Safety Tip – Ground Potential Rise (GPR) or Step & Touch Voltages and Transients

Not all that long ago if you were really paying attention, you could see beer bottles lined up atop transmission towers. Some of you “old timers” know exactly how they got there – wink. Fortunately the Utility Crew Safety Culture has come a long way since those days.

The increased hazards you face on the job site, driven by greater power volume and speeds, tighter corridors, bleepin’ copper thieves and challenges like this inspired me to start this blog as a place where that constantly improving Safety Culture can be highlighted and talked about. In fact, I am going to start out with a series of Safety Tips, but let me know what else you are interested in. We’ll involve Safety Managers, IEEE Panel Members, Trainers and anyone else we need to get solid data.


Safety Tip – Ground Potential Rise (GPR) or Step & Touch Voltages and Transients
Avail yourself of the best tools available on the market.

Electrical engineers call it, “Ground Potential Rise” (GPR). Some say “Earth Potential Rise” (EPR). I’ve heard “Step & Touch”, “step voltage”, “touch voltage”, and “transfer touch voltage” and a variety of names I won’t repeat, but no matter what it is called, when it’s on your worksite… you had better be aware “its” there and at what level. Ground Potential Rise is a frequently misunderstood site-safety issue in the distribution of power and telecommunications services. I have talked with crews who just thought they were “getting bit” by rogue static electricity, so did not take necessary precautions. Once they could see it measured in real time by our GroundHound Site Safety Monitoring System, they “got religion” real fast!

Gary Zevenbergen, Electrical Engineer, Trainer and Inventor – Western Area Power Administration
Linemen, working on de-energized high-voltage transmission lines, can be exposed to electric shock hazards. Proper use of clearance procedures, as outlined in OSHA 1910.269(m), and a properly installed work site grounding system are utilized to mitigate these shock hazards. However, not all shock hazards can be removed from the work site. Shock Hazards associated with ground potential rise, namely step voltage, touch voltage, and transfer touch voltage, will exist anytime current is injected into the earth through the work site grounding system.

Transients or GPR spikes on job sites or at substations can vary wildly and causes exposure to extremely hazardous voltages. They can be so high as to be lethal. Worst of all, they can be caused by simple things such as switching events. When they happen you want to know about it. You want to know how high that voltage spike was and have a record of it so that you can talk with dispatch and ask them to let you know first if they plan to do something you are seeing causes transients. The data logging helps support your ability to work out procedural changes as necessary. We have tested for and seen lethal transients happen as far as 60 miles away from the event that caused it.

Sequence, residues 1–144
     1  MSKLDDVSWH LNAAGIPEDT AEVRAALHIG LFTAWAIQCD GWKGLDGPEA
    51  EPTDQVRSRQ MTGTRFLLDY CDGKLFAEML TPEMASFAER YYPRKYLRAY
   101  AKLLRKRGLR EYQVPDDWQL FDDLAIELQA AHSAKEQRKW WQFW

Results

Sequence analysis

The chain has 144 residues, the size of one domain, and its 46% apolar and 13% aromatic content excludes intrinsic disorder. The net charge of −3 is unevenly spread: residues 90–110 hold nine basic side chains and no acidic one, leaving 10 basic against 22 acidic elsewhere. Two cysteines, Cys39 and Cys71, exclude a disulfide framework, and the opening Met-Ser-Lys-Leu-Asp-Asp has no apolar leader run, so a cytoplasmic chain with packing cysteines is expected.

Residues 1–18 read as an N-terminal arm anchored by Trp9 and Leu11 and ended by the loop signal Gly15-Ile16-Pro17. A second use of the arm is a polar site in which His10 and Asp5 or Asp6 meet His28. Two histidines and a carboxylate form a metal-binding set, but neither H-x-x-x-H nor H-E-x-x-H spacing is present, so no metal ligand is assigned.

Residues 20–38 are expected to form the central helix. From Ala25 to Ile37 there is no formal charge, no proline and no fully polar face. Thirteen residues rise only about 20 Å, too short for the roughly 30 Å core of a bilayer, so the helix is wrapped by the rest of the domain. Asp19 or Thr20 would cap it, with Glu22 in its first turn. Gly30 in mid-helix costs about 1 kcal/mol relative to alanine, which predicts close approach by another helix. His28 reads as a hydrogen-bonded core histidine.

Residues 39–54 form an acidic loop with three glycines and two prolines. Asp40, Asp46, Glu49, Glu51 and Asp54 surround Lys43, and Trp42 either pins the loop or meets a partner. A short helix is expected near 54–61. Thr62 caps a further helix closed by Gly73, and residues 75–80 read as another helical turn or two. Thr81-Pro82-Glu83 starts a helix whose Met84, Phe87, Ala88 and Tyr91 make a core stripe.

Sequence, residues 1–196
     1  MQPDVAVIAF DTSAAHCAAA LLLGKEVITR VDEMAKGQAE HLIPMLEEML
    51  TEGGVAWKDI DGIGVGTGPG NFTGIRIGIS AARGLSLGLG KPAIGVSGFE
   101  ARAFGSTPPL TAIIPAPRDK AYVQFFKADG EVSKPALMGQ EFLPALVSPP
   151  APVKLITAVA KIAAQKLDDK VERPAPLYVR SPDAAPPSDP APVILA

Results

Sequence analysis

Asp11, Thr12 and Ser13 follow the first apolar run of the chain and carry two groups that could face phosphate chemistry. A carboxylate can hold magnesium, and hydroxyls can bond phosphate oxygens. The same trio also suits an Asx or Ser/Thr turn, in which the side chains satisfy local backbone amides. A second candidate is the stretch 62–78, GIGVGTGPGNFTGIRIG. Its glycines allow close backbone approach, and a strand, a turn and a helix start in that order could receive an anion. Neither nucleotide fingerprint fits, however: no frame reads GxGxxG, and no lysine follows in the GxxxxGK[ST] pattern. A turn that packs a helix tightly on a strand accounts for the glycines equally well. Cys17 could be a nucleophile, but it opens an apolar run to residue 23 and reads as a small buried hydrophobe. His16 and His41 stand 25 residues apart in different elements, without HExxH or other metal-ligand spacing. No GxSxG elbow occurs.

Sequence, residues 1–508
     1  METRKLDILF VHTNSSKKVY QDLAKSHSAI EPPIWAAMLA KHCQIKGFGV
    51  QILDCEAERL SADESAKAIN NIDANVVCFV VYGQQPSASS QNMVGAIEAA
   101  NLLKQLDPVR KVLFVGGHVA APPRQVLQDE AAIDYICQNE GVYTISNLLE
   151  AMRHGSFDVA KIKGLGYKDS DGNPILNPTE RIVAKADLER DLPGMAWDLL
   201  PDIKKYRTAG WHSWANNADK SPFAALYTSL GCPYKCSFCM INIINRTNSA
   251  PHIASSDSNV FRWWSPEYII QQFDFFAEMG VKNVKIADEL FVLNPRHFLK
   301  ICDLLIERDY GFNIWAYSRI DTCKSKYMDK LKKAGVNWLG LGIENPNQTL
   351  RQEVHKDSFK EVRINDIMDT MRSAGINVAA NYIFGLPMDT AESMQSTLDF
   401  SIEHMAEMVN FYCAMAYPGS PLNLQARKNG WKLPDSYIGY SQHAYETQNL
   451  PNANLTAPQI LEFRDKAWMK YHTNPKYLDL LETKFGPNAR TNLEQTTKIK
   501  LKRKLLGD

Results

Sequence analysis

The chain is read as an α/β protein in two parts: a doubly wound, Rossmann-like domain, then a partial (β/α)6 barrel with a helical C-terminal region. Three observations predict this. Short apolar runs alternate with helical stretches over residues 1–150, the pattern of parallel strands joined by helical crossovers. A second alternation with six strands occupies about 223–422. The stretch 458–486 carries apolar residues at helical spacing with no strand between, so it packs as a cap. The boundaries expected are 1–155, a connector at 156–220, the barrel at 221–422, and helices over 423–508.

Additionally, you want an instrument that not only monitors, alarms and logs that data, but one that has the ability to show you what you need to know without compelling you to walking across that dangerous ground to look at its readout! That just doesn’t make sense! Of course you wouldn’t do that. We introduced an instrument that can be controlled and read from a safe distance, using a smart phone.

So, this is my first safety tip: The conditions on the ground have not always been there so this means it’s a whole new world where safety is evolving. Avail yourself of the best safety instrumentation available in the market today and make sure it is truly designed for the environment it is supposed to operate in. You need a warning system that alarms for different levels of danger so that you know when additional protective gear or a site shut down is appropriate. In the case of Step & Touch, you need an instrument that accurately monitors in real-time and records the data for use or analysis and one that allows you to keep a safe distance by providing you with remote reporting.

Regardless of what instrument or method you choose, it is crucial to warn the high voltage worker when the work site GPR rises that are not safe or require additional protection protective gear.

I’m looking forward to posting more Safety Tips from the experts again soon! Jody Singleton

Posted in Uncategorized

In Archive